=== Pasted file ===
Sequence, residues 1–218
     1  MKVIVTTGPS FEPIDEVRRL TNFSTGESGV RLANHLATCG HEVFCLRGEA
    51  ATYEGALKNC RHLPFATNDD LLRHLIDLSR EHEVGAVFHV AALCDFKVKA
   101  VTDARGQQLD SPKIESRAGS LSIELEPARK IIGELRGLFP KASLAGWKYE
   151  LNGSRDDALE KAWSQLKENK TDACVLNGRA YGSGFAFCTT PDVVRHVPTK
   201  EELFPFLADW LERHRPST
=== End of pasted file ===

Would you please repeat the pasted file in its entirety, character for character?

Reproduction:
Sequence, residues 1–218
     1  MKVIVTTGPS FEPIDEVRRL TNFSTGESGV RLANHLATCG HEVFCLRGEA
    51  ATYEGALKNC RHLPFATNDD LLRHLIDLSR EHEVGAVFHV AALCDFKVKA
   101  VTDARGQQLD SPKIESRAGS LSIELEPARK IIGELRGLFP KASLAGWKYE
   151  LNGSRDDALE KAWSQLKENK TDACVLNGRA YGSGFAFCTT PDVVRHVPTK
   201  EELFPFLADW LERHRPST